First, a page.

I thought I was going to die. This last breakup was more expected and yet more devastating than any I’d gone through before. I think it was because I had such a strong relationship that had come to pieces. I think it was also because my entire identity was wrapped up in being a couple with this person, being codependent. It’s easy to do for those of use prone to over commitment. So, even though the actions toward suicide were never put in place, my mind often yielded to the fantasy of dropping myself off a high bridge, except I was afraid of heights. Suffice it to say, it was bad. I was in bad shape as I moved back into my mom’s house to recover.

Grief

Feeling the hurt after a breakup is one of the keys to healing and recovery. You have to go through the pain of loss, you cannot shortcut your recovery. As a typical male this process was hard for me to get started. I knew I needed to cry. I felt the sadness deep in my bones, but I couldn’t access the tears. I wrote letters to my ex. I took inventories of what was good in the relationship. I accepted my faults and wrote about where I had failed to live up to my end of the deal, where I had gotten scared and recoiled from my partner rather than turn towards them.

One of the things I did immediately was start going to Al Anon meetings. 1. I needed to be with people and not isolated in my single bedroom at my mom’s. 2. I needed to hear from others who had been through hard times and used the program and their “higher power” to gain strength to recover. 3. I needed a network of friends I could call when things got tough. And the local Al Anon meetings provided all this support immediately. I was not alone. I was not the only one hurting. I was encouraged to call others and talk about what was going on.

So, I accessed some of the pain through journaling. And I watched some sad romantic movies that got a few tears going. But mainly, I just sat with my sadness. I wasn’t inspired to read, though I did buy most of the Al Anon literature as a starting point. I couldn’t just make myself cry, though that’s what I felt I needed. So I sat. And as I ruminated about the past and was bombarded with images and feelings of my ex I tried to say a prayer of appreciation, “Thank you, Samantha, for these wonderful times. I bless you and give you up to God.” And I said it over and over.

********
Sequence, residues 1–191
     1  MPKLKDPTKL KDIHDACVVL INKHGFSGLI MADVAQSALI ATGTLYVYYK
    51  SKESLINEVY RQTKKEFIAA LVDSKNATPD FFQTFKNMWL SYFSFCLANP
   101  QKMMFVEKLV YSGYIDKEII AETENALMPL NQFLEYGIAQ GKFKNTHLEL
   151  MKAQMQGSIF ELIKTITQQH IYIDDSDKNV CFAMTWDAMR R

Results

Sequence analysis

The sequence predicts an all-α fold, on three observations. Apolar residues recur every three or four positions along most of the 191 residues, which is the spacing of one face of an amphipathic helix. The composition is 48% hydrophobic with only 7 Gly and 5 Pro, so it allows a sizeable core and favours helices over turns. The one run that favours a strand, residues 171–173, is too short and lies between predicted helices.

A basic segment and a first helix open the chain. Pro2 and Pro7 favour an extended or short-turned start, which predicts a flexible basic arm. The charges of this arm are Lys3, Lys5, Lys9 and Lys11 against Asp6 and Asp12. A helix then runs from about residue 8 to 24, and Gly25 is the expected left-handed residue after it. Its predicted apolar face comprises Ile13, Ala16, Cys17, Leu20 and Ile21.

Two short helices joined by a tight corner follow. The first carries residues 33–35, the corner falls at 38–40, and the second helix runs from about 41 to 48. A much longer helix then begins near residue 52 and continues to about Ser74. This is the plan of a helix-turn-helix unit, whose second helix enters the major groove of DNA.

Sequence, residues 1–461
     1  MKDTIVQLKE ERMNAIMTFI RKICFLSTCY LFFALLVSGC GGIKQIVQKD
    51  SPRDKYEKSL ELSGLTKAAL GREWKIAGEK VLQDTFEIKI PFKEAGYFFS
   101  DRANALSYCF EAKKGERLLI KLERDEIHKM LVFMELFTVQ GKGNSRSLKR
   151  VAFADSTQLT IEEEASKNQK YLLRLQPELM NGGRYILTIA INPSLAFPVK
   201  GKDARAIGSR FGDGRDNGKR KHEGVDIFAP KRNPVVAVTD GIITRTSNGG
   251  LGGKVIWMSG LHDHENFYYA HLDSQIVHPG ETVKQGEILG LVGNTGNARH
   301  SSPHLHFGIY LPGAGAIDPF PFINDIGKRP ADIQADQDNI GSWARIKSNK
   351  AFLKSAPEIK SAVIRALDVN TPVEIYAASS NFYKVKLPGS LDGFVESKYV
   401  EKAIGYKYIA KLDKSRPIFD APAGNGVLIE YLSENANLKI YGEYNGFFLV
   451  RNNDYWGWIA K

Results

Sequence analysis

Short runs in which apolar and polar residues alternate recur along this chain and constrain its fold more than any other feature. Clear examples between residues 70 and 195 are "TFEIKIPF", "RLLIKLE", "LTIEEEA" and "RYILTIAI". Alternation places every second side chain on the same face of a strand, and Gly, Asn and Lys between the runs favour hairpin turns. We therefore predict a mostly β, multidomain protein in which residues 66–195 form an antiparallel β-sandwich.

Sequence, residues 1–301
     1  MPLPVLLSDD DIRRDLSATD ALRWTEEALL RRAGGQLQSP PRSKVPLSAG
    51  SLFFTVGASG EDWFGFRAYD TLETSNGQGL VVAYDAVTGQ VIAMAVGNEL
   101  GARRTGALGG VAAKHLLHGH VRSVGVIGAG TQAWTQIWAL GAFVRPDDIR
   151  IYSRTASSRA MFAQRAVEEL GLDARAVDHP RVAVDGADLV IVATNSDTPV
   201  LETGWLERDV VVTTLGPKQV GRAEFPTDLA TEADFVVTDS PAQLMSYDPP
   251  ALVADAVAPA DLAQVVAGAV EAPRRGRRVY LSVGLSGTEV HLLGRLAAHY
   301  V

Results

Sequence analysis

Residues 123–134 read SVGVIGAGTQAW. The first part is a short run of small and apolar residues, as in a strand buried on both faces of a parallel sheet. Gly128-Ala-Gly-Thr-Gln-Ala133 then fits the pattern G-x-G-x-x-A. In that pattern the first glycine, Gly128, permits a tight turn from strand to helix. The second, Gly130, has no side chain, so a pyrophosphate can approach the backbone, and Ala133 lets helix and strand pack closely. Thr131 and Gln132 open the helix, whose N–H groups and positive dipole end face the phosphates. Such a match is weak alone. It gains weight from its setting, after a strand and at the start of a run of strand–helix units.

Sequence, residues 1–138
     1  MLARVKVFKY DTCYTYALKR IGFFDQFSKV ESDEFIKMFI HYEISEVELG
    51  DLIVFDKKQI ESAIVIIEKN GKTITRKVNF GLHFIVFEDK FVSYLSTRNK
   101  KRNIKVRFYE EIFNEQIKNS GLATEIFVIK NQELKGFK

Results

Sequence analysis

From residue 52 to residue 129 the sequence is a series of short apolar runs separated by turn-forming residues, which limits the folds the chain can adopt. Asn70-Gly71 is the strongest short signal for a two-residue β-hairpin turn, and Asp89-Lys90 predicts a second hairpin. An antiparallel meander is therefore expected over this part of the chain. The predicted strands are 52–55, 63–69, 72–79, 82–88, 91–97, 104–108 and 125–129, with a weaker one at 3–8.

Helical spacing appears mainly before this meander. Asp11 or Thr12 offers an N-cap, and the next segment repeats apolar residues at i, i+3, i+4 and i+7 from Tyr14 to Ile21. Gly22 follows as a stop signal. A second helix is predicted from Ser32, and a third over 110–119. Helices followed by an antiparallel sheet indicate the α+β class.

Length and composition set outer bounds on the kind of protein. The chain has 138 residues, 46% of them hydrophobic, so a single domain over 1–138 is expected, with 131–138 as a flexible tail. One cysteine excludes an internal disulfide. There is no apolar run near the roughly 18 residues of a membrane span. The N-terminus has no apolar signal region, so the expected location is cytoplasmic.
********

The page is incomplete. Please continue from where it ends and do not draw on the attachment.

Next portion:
I learned to pray again in the simplest terms. “Help me to hope again, God.” “Help me to heal.” “Help me to see a future.”

And I continued my exercise program by walking or playing tennis every single day, without fail. No excuses. This was one thing I could easily control, and if I put my mind to it, I could succeed. And some success was important to me at that time.

Alone time. Prayer. Journaling. Meetings. Phone calls.

That was my strategy. And in a matter of weeks I was having momentary flashes of hope. I would notice walking around the lake that I was actually having positive thoughts about the future. It was subtle. And the ups came with reciprocal downs, but the roller coaster started leveling out and I was having days with little or no obsession about my ex. I was grateful. I built on that momentum and went to more meetings and called more friends. And as the grief began to lift I felt myself imagining and hoping for a new relationship, again.

Turning Point

As things were starting to get better for me, I remember a distinct moment when I decided to get back on the online dating sites again. There was something hopeful about imagining hundreds of women who were looking for a relationship. I wanted to dip my toe in the water and see what they looked like.

I wrote in my profile that I was first looking for friends. And that’s what my intention was. I wanted to meet some women to do things with, but not necessarily to date them. I was pretty certain that my relationship boundaries were not up to snuff, but I could certainly go for coffee or a walk with some women and see what happened. And I think it was this action, this hopeful seeking that really turned the corner for me emotionally. Even the tiniest glimpse of desire in me was a welcome indication that something had changed. That hope was still inside me. And while I was in no position to date right away, I was optimistic about the possibility of having another “date” at some point in the future.

Results